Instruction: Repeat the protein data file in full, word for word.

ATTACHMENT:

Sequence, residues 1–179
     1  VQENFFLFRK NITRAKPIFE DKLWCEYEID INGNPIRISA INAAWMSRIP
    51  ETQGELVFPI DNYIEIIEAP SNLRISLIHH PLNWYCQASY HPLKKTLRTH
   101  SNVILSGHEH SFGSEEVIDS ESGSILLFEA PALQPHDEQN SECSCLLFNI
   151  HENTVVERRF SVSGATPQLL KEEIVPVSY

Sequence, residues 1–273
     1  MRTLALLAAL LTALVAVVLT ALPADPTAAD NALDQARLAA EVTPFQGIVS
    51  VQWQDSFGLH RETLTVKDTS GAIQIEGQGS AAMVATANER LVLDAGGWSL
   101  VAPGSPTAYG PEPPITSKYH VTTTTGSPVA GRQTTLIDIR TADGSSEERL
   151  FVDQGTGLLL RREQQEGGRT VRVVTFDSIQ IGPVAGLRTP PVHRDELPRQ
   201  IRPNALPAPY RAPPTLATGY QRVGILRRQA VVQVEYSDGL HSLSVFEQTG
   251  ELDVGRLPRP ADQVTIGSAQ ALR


Sequence, residues 1–179
     1  VQENFFLFRK NITRAKPIFE DKLWCEYEID INGNPIRISA INAAWMSRIP
    51  ETQGELVFPI DNYIEIIEAP SNLRISLIHH PLNWYCQASY HPLKKTLRTH
   101  SNVILSGHEH SFGSEEVIDS ESGSILLFEA PALQPHDEQN SECSCLLFNI
   151  HENTVVERRF SVSGATPQLL KEEIVPVSY

Sequence, residues 1–273
     1  MRTLALLAAL LTALVAVVLT ALPADPTAAD NALDQARLAA EVTPFQGIVS
    51  VQWQDSFGLH RETLTVKDTS GAIQIEGQGS AAMVATANER LVLDAGGWSL
   101  VAPGSPTAYG PEPPITSKYH VTTTTGSPVA GRQTTLIDIR TADGSSEERL
   151  FVDQGTGLLL RREQQEGGRT VRVVTFDSIQ IGPVAGLRTP PVHRDELPRQ
   201  IRPNALPAPY RAPPTLATGY QRVGILRRQA VVQVEYSDGL HSLSVFEQTG
   251  ELDVGRLPRP ADQVTIGSAQ ALR